Large States’ Avoidance of SLIMPACT May Doom Compact

Apr 4, 2011

The following article was posted to the Property Casualty 360° website on April 4, 2011:


Large States’ Avoidance of SLIMPACT may Doom Compact

By Arthur D. Postal

In the wake of New York’s decision not to join a nationwide compact on sharing of surplus-lines taxes, industry officials believe such compacts may be doomed.

Richard Bouhan, executive director of the National Association of Professional Surplus Lines Offices Ltd., voices such concern after the New York State Legislature passed legislation to bring state laws into compliance with the Nonadmitted and Reinsurance Reform Act passed by Congress last July. The New York legislation removed provisions that would have authorized the state to join a tax compact.

Bouhan says California is likely to take similar action, and it is unclear whether Florida and Texas will decide to pass legislation implementing the revised Surplus Lines Insurance Multistate Compliance Compact, referred to as “SLIMPACT-Lite.”

Bouhan says that in 2009 these four states reported approximately $16 billion of the $32 billion in surplus-lines premiums generated nationally.

He says the Florida Legislature has not approved legislation to allow the state to join a compact.

Texas, however, may join. The state comptroller already has authority to have the state join a compact, and the Legislature is considering a proposal  to join  SLIMPACT-Lite.

“Along with California’s expected decision not to include compact language in their NRRA compliance legislation, New York’s action brings into question whether large states are willing to participate in an allocation compact,” Bouhan says. “Without the large states, a compact might not be practical.”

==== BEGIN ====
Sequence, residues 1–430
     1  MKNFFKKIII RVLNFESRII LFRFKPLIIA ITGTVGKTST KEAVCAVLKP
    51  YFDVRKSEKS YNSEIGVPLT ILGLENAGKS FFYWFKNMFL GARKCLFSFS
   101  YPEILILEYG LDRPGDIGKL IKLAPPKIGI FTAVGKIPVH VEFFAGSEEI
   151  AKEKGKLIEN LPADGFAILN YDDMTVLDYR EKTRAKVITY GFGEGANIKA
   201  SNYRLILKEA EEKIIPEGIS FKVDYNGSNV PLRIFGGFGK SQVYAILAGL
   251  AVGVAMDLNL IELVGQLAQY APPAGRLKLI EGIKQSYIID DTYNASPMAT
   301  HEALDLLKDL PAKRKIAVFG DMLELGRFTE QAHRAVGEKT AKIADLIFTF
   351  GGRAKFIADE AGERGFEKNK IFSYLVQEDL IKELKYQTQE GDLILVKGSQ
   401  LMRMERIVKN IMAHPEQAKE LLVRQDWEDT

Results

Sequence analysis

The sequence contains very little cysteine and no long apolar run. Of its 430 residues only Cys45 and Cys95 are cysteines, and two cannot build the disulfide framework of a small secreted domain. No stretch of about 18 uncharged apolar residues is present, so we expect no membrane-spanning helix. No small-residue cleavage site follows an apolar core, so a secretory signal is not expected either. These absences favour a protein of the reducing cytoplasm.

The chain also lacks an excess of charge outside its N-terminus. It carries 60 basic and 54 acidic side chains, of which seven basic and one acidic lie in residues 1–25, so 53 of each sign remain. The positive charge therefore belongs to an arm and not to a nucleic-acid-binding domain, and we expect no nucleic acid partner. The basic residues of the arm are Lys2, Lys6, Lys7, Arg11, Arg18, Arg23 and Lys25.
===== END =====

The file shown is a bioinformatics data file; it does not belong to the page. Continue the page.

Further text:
The legislation passed by the New York Legislature provides for the state to tax 100 percent of each surplus-lines policy’s written premium when New York is the home state of the insured. The bill was signed into law by Gov. Andrew Cuomo last Thursday.

The underlying federal legislation mandates that beginning July 21 the insured’s home state will be the only state with jurisdiction over surplus-lines transactions and the only state that can require a tax be paid by the broker.

To comply, states are revising their laws, Bouhan says, with many states also considering forming a tax compact to share surplus-lines premium taxes.

However, as in New York and probably California, the federal law does not mandate that a state is required to join a compact.

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